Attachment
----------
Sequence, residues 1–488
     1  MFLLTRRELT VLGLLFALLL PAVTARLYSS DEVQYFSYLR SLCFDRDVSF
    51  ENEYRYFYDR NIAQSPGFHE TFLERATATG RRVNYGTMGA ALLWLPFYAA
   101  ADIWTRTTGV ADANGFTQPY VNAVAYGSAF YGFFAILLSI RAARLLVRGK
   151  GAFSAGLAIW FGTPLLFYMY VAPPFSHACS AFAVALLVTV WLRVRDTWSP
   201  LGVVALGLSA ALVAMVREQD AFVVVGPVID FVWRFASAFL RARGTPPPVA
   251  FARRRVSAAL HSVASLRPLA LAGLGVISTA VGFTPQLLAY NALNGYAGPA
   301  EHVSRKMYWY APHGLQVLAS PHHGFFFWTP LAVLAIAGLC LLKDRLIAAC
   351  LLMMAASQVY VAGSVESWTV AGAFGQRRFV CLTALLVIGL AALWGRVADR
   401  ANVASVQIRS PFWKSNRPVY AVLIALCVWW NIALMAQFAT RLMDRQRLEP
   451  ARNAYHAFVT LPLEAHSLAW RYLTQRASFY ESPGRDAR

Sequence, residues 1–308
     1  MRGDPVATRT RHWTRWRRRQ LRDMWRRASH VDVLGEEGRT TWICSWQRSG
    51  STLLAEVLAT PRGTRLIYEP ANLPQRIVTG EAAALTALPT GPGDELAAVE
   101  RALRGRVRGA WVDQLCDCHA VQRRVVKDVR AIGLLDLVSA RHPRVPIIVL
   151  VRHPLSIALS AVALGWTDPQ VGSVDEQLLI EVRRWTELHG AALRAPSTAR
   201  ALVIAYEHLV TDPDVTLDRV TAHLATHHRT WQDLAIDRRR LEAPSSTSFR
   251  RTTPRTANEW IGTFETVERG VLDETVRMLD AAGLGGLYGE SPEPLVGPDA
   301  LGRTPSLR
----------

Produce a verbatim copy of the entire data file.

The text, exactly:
Sequence, residues 1–488
     1  MFLLTRRELT VLGLLFALLL PAVTARLYSS DEVQYFSYLR SLCFDRDVSF
    51  ENEYRYFYDR NIAQSPGFHE TFLERATATG RRVNYGTMGA ALLWLPFYAA
   101  ADIWTRTTGV ADANGFTQPY VNAVAYGSAF YGFFAILLSI RAARLLVRGK
   151  GAFSAGLAIW FGTPLLFYMY VAPPFSHACS AFAVALLVTV WLRVRDTWSP
   201  LGVVALGLSA ALVAMVREQD AFVVVGPVID FVWRFASAFL RARGTPPPVA
   251  FARRRVSAAL HSVASLRPLA LAGLGVISTA VGFTPQLLAY NALNGYAGPA
   301  EHVSRKMYWY APHGLQVLAS PHHGFFFWTP LAVLAIAGLC LLKDRLIAAC
   351  LLMMAASQVY VAGSVESWTV AGAFGQRRFV CLTALLVIGL AALWGRVADR
   401  ANVASVQIRS PFWKSNRPVY AVLIALCVWW NIALMAQFAT RLMDRQRLEP
   451  ARNAYHAFVT LPLEAHSLAW RYLTQRASFY ESPGRDAR

Sequence, residues 1–308
     1  MRGDPVATRT RHWTRWRRRQ LRDMWRRASH VDVLGEEGRT TWICSWQRSG
    51  STLLAEVLAT PRGTRLIYEP ANLPQRIVTG EAAALTALPT GPGDELAAVE
   101  RALRGRVRGA WVDQLCDCHA VQRRVVKDVR AIGLLDLVSA RHPRVPIIVL
   151  VRHPLSIALS AVALGWTDPQ VGSVDEQLLI EVRRWTELHG AALRAPSTAR
   201  ALVIAYEHLV TDPDVTLDRV TAHLATHHRT WQDLAIDRRR LEAPSSTSFR
   251  RTTPRTANEW IGTFETVERG VLDETVRMLD AAGLGGLYGE SPEPLVGPDA
   301  LGRTPSLR